Focus Group Results


Following an intentionally broad discussion on organic agriculture and growers' reasons for becoming organic, the focus groups were guided toward the more narrow transition question, which was phrased as follows:

What do you see as challenges for you as an organic grower?

From the discussion around this question, a listing of key challenges was recorded. After the discussion reached saturation regarding the main points, participants were asked to vote to prioritize the most important issues. Priority challenges perceived by growers in all the focus groups are summarized below, and can be categorized into (1) technical/production, (2) marketing, (3) education/awareness, and (4) practical models.


The majority of challenges perceived by growers as priorities can be categorized as technical/production issues. An important component of production challenges is a perceived lack of available organic expertise, captured by one of the participants' comments, "Who you gonna call?" These and other production-related issues are discussed below.

Weed Control

Weed control is a priority challenge. Issues raised included mitigating weed problems through cropping systems design, the lack of products to deal with weed problems, and challenges associated with mechanical cultivation. Interestingly, pest/insect control emerged more in the prospective/transition group than in the others. This may be a reflection of more experienced organic growers' ability to maintain pest populations in balance, resulting in insect pests being perceived as less of a challenge as compared to weeds.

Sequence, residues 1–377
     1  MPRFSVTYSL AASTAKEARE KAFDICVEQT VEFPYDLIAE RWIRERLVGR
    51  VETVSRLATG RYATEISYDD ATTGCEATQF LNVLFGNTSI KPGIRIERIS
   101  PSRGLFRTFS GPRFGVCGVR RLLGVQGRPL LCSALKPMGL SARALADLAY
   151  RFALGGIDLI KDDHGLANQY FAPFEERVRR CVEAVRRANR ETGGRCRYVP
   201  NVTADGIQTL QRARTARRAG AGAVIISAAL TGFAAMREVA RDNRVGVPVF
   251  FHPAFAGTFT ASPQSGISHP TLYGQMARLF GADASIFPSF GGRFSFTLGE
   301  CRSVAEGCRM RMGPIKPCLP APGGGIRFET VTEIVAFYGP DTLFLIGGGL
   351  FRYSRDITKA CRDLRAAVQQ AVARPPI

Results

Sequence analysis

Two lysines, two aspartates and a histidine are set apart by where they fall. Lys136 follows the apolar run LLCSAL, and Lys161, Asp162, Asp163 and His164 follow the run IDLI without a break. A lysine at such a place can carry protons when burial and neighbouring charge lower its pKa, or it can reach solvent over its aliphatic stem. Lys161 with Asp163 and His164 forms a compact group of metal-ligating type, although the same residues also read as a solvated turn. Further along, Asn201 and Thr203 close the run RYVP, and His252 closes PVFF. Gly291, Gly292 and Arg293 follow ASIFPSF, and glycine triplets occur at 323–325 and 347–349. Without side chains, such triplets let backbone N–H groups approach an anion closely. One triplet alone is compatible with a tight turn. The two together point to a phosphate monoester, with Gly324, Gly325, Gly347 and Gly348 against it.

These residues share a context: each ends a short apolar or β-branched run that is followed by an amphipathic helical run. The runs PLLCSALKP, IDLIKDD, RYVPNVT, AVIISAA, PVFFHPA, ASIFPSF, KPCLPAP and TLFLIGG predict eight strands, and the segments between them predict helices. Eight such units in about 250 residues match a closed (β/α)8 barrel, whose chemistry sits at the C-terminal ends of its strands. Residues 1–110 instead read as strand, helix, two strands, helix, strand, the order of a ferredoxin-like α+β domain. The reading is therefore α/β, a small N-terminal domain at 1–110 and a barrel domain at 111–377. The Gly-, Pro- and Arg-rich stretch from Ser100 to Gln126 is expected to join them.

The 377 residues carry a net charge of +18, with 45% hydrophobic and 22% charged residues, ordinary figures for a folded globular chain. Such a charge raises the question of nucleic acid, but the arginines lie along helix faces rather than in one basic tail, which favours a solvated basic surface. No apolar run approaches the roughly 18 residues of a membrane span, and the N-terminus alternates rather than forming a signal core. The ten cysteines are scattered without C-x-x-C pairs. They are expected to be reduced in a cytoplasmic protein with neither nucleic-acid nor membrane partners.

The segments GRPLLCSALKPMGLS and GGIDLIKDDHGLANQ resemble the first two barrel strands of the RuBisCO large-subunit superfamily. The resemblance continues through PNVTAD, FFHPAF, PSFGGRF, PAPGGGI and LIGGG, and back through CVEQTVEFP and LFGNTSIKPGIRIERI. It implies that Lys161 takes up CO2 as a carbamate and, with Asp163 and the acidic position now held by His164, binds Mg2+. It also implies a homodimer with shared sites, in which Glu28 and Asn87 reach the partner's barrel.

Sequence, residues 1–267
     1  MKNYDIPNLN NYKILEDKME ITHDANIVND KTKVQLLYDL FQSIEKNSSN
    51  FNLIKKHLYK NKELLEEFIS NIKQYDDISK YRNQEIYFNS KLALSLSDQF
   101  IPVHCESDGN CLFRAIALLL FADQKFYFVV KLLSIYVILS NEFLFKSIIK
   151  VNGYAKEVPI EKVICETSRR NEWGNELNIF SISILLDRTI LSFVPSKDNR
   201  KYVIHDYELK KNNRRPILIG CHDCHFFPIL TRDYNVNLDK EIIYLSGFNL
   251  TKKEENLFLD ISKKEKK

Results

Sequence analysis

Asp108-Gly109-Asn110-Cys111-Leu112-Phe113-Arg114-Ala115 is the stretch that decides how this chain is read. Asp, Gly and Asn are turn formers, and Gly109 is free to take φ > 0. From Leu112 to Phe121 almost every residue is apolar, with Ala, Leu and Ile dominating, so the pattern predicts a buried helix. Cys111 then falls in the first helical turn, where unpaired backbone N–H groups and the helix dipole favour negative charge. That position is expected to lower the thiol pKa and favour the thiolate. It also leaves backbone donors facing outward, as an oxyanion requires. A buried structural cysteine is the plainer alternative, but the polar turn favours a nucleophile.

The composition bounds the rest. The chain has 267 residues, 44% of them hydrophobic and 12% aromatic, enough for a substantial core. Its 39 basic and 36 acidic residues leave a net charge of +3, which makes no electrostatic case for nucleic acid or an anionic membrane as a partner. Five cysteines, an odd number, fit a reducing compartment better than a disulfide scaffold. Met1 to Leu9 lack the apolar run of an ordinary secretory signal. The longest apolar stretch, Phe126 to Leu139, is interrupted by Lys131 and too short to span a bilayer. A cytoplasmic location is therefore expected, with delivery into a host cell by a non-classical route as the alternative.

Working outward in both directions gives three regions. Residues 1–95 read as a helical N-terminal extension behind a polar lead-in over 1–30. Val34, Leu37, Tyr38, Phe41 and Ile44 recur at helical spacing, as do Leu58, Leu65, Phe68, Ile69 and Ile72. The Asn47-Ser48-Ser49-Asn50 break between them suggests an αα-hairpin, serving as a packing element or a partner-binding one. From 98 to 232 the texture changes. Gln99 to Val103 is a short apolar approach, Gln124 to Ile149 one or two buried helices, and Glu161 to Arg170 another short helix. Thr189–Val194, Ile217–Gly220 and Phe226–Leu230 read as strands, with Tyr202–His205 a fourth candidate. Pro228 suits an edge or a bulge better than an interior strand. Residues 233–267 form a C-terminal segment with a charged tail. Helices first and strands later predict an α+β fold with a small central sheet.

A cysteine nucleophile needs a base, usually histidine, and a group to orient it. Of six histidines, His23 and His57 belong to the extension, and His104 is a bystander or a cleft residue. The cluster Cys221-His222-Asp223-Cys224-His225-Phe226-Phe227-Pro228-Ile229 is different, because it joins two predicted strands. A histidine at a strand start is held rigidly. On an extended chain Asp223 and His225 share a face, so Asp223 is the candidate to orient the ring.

Organic Expertise

The availability of expertise in organic production is another priority challenge. Participants agreed that when the need arises for technical assistance related to organic production, there are few people to call upon who have expertise relevant to their region. Extension, county agents, and local cooperatives have been unhelpful because these traditional sources of information have little knowledge of organic production, according to the participants. While general information about organic production is available on the Internet, it is often not specific to the region in terms of climate, soils, varieties, pest cycles, markets, and other factors. The following comment captures the general sentiment:

When I have a question, I go to the web . . . but the information I find is not specific to the region; it is from the west or east coast, but it is often not applicable because it is not specific to our pest cycles, our regional/local climates and soils. How do we access that information?

Another participant stated the problem in practical terms: "It would be helpful to have someone like "Joe" around who could be called upon for advice."

Ideas that emerged out of the discussions on expertise include: (1) a qualified organic Extension specialist who could "float" in the state, and (2) a centralized database to provide regionally specific information and technical assistance on organic production.

Time Management, Labor